I don’t know why I developed fibromyalgia.
It took me about 2 or 3 years to completely stop believing that somehow it was my own fault, that I’d done something wrong, or not done something right, and therefore made myself sick. That was one possible explanation I was glad to discount.
Sometimes I see glistening, spider-web wisps of possibilities: decades of sleep impaired by insomnia and sleep apnea. Genetic inheritance. A delayed consequence of having mono as a teenager. Trauma. Maybe related to my double diagnosis of bipolar disorder and borderline personality disorder. But no one really knows.
Then there are the more “cosmic” explanations, possibilities from the “Why are we on this earth in the first place?” level of life.
Sometimes it feels like shit just happens. Sometimes it feels as though life is trying to break me. Sometimes it seems as though the only meaning in this experience comes from the meaning I choose to give it.
But sometimes, unexpectedly, my soul whispers to me that it’s OK; this is all a part of our journey.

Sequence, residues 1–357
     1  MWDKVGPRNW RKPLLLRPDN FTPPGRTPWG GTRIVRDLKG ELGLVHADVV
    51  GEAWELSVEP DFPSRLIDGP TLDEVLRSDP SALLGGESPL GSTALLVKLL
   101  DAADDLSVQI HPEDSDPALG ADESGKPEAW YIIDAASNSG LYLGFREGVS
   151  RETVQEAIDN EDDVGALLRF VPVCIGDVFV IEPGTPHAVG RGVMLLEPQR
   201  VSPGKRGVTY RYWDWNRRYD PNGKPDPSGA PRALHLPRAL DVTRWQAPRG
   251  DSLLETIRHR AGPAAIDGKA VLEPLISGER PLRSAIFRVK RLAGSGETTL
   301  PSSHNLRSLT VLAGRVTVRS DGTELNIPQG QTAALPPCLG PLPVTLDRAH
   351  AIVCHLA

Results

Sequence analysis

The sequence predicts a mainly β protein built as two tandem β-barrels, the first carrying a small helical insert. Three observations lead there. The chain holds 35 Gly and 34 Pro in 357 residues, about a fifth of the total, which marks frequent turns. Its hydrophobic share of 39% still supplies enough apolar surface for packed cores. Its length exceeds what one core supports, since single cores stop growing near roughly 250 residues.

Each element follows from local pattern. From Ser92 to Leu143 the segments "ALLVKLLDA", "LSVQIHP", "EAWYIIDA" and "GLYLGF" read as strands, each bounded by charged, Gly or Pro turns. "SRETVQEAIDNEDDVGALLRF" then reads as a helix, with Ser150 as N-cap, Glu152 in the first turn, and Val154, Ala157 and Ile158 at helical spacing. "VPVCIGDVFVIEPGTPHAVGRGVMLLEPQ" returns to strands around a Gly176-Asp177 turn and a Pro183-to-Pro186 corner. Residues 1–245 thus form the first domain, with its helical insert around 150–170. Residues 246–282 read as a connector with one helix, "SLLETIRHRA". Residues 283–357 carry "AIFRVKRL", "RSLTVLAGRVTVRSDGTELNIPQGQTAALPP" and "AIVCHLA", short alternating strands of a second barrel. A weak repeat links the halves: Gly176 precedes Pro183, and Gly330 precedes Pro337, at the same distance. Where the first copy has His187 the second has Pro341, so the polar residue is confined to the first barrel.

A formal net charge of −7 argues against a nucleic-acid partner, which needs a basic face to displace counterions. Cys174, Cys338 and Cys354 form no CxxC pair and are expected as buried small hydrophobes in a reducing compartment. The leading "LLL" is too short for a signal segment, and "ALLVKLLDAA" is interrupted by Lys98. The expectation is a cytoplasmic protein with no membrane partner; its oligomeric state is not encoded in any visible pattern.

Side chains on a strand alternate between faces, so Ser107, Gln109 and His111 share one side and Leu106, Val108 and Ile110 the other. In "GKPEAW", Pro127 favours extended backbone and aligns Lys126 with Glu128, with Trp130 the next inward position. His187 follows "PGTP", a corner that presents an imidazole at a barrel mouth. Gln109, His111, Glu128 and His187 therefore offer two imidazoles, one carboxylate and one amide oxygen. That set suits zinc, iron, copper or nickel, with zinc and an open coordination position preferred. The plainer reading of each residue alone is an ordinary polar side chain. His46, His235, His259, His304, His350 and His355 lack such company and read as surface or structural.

(At times that thought is balm to my system. Other times, I just tell my soul to suck it.)
This kind of got stirred up for me because I was reading a really interesting book last week called The Ear of the Heart: An Actress’ Journey From Hollywood To Holy Vows (by Mother Dolores Hart, O.S.B. and Richard DeNeut). Besides just being a fascinating story, I related to it on a personal level because a few years ago the author developed neuropathy (chronic nerve pain). And I’m always interested to see how other people come to terms with their chronic pain.
I liked Mother Dolores right away, because she states, “I am not easily persuaded by ‘religious’ answers, in spite of the fact that I am a Roman Catholic convert and a member of a monastic community. I’ve found my answers step by step.”
She then goes on to say, “I do believe that, whatever the medium is, the connection to people has to come down to a living person. Some one has to embody the realities, or it doesn’t mean as much.”
And later, “…I have learned in my years of contemplation that one’s deepest wounds, integrated, become one’s greatest power. You have to speak about it. It is your mission.”
I’m not sure exactly what I think about this, but I do enjoy having something new to chew on.